A Ghost Story


I’ve never been much interested in ghost stories. In fact, the fascination they bring to others is something of a mystery to me. Of course, that was before I found that I have an ancestor who is a central figure in one.

General “Mad” Anthony Wayne, the third great grandfather of the wife of my grand-uncle was a Revolutionary soldier. He was instrumental in keeping the Northwest Territory a part of the fast developing United States of America.

His ghost story comes as a result of his unfortunate demise. After winning decisive battles in the west and negotiating a treaty with the Indian natives, thus enabling Ohio to join the Union, Mad Anthony Wayne succumbed to an infection brought on by gout. He died at a fort in Erie Pennsylvania. Some thirteen years after his death, his son was sent to reclaim the body and bring it to the family home in Chester County.

Upon exhuming the remains, they were shocked to find the body in a far better condition than expected after spending thirteen years in the ground. Knowing that it would be unwise to try and transport a semi-decomposed body in the small cart they had, they rendered the corpse. This meant they boiled the flesh from the bones, a not uncommon occurrence in those days. They gathered the freshly cleansed bones, poured the rest back into the original burial site and set out for Chester County. But as the legend goes, the bones, being loosely packed, were jostled free along the bumpy journey. The result being that not all the bones made it to the final resting place.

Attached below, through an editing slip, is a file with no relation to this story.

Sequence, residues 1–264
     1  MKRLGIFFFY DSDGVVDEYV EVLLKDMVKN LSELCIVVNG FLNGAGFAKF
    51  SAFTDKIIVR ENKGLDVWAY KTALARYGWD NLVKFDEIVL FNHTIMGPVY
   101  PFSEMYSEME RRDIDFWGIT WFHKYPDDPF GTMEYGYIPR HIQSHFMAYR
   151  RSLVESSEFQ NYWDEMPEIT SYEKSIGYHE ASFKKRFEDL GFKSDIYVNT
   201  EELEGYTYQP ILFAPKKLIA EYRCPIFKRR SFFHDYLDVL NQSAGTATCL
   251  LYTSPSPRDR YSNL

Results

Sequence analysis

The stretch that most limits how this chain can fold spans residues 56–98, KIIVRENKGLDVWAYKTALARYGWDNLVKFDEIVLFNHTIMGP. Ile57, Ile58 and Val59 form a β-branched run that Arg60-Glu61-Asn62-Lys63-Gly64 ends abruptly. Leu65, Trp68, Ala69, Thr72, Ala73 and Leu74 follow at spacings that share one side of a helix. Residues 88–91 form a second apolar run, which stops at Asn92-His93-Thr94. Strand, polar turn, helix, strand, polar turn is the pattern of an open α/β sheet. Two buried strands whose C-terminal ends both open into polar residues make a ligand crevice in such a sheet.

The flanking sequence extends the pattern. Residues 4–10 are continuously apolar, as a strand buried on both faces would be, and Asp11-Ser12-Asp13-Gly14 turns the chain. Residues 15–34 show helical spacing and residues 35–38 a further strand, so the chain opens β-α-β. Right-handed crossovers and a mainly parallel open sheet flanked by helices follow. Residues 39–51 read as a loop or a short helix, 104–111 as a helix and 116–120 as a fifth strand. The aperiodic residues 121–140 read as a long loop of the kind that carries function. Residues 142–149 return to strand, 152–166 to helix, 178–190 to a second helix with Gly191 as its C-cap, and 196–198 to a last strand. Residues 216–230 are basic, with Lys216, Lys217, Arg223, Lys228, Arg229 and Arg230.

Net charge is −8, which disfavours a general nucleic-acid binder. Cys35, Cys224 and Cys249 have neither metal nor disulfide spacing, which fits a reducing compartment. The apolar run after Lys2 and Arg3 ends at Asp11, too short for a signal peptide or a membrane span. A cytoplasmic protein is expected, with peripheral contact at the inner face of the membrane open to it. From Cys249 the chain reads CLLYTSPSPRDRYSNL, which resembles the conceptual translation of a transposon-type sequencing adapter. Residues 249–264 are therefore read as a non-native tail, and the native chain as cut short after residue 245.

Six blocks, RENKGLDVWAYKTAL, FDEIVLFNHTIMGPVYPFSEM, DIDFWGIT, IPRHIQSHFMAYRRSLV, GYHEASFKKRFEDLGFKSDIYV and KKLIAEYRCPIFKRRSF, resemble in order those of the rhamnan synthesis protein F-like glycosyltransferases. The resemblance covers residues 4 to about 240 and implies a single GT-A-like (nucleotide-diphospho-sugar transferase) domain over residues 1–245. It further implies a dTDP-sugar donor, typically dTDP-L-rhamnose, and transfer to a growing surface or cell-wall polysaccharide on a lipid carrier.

Some locals swear that on every January 1st (Anthony Wayne’s birthday) he rises from his grave in Erie, not at all happy to have been strewn haphazardly throughout the countryside. He reportedly rides along Route 322 leading to Chester County astride his horse Nancy in search of his missing bones.  

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